The Movies of Roland Emmerich

I was thinking of good movies to recommend for the Fourth of July weekend.  There's the musical 1776 or the Tom Cruise bio-drama Born on the Fourth of July, but I wanted popcorn flicks.  Two films by director Roland Emmerich came to mind -- the alien invasion blockbuster Independence Day and the Revolutionary War actioner The Patriot (which my friend Robert promoted as his holiday pick).  Some consider Emmerich a schlock director who has made his mark with special-effects heavy disaster motion pictures, but I think he deserves credit for bringing stories to the screen that manage to entertain audiences and leave an impact on popular culture.

Here's a quick look at his big Hollywood films.  (I haven't seen his low budget earlier productions -- Joey, Ghost Chase, or Moon 44 -- or his first few German films -- Franzmann or Das Arche Noah Prinzip.)

Universal Soldier - This was the first mainstream movie Emmerich directed.  Starring Jean-Claude Van Damme and Dolph Lundgren as dead soldiers reanimated as cyborg-warriors, it was a cheesy sci-fi action adventure, but it has a decent cult following.

Stargate- Emmerich hit his stride when he partnered with writer Dean Devlin for this epic science fiction tale that aimed to recapture the feel of Star Wars for a new generation.  It wasn't the greatest film ever made, but it had a lot of fun moments.  Kurt Russell, James Spader, and Jaye Davidson all provided entertaining performances, and the movie spawned a popular television franchise.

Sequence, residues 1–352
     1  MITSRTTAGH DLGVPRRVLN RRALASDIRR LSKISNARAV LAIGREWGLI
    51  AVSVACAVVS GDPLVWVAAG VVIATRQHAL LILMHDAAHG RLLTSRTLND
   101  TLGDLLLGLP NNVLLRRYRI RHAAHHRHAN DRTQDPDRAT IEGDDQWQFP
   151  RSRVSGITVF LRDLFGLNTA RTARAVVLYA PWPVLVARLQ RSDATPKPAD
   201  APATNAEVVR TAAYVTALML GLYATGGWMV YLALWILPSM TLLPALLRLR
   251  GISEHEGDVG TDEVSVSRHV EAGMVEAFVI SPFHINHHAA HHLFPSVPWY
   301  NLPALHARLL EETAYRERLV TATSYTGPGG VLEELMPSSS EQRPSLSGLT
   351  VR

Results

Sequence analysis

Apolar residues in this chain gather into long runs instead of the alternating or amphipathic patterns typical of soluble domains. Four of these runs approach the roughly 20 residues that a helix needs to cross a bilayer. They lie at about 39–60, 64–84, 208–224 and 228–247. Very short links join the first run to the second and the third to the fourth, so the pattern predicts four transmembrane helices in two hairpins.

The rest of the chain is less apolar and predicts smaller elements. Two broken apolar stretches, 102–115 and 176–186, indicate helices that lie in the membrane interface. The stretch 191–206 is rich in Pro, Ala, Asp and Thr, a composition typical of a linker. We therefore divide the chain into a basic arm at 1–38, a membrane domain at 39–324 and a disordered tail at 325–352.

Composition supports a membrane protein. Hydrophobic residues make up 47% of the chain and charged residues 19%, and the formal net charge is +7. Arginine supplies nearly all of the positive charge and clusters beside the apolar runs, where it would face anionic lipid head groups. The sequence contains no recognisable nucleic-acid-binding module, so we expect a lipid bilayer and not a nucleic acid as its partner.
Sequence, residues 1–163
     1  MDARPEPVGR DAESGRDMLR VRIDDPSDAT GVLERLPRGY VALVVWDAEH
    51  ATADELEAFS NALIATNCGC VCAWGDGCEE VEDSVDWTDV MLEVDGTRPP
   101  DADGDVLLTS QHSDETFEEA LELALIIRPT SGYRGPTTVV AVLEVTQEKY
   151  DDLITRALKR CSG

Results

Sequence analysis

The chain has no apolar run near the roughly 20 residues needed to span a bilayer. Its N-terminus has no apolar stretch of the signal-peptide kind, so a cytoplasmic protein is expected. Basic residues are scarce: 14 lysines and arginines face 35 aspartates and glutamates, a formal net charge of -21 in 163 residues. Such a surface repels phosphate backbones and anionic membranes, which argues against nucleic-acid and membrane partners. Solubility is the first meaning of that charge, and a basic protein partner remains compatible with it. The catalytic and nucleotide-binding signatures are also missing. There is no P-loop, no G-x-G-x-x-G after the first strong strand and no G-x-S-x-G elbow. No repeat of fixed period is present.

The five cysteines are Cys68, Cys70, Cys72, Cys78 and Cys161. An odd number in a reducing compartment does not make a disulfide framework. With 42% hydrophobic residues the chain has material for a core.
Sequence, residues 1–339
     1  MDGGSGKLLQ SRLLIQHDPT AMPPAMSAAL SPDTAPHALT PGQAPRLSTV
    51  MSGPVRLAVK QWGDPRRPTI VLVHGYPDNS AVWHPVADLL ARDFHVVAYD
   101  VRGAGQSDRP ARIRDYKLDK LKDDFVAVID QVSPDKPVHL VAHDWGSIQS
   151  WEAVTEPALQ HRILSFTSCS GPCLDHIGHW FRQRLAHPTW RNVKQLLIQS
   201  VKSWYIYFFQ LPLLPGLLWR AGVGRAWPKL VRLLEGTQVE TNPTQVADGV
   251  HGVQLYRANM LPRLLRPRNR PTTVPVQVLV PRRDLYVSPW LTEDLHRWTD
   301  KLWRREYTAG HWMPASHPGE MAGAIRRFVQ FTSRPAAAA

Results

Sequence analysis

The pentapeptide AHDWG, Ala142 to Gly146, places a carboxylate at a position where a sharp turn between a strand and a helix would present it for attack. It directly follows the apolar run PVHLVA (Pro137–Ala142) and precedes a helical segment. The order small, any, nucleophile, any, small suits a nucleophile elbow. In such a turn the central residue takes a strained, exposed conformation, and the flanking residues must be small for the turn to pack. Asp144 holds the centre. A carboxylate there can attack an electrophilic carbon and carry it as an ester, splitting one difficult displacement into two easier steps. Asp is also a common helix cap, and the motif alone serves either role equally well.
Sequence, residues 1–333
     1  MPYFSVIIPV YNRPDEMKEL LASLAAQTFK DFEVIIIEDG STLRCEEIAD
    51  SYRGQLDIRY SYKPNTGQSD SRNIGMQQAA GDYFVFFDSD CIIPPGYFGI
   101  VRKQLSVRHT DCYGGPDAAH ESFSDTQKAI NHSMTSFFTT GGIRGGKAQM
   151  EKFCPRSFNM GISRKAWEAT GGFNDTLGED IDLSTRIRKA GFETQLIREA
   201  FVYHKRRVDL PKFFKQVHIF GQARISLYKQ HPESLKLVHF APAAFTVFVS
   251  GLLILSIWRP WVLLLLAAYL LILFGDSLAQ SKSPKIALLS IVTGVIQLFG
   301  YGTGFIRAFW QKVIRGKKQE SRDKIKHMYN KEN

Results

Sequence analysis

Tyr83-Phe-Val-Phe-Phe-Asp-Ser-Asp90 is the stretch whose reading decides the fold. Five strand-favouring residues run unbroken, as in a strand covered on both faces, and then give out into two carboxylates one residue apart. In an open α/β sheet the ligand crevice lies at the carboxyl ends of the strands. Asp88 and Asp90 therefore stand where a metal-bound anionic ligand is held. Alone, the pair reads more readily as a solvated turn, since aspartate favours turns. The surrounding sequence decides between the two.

Independence Day - One of the biggest blockbusters of all time, known simply as ID4, it had its plotholes, but it was one of those enjoyable summer movies that almost everybody watched. Will Smith, Jeff Goldblum, Judd Hirsch, and Bill Pullman as the U.S. President, try to save the world from invading aliens who blow up landmarks around the world.  A wave of copycat movies followed and continue to follow.

Godzilla - The concept was great -- an American version of the Japanese monster classic -- but the execution was disappointing.  Maybe someday they'll get it right and Hollywood can give us a decent big-budget interpretation of the radiation-born, city stomping goliath.  Matthew Broderick, Jean Reno, and Hank Azaria gave it a hearty try.

The Patriot - Critically bashed at the time of its release, there are good moments in this action tale set during the American Revolution.  Mel Gibson and Heath Ledger had some nice scenes.

The Day After Tomorrow - Climate change to the nth degree!  Disaster on a global scale!  Over-the-top special effects!  If that's your sort of thing, this is the guilty pleasure for you.

10,000 B.C. - One of Emmerich's weaker efforts, this prehistoric epic about a young mammoth hunter's heroic journey still has some cool visual highlights -- too bad it doesn't have much of a story.

2012 - Building on the superstitious end-of-the-world paranoia, Emmerich revisits global armageddon, and audiences flocked to see the cinematic mayhem he created.

Roland Emmerich's next movie will be called Anonymous, a thriller that deals with the possibility that Edward De Vere, the Earl of Oxford, might have written the plays of William Shakespeare.  I hope he expands his filmmaking reputation beyond the visual eye-candy that has defined his filmography so far.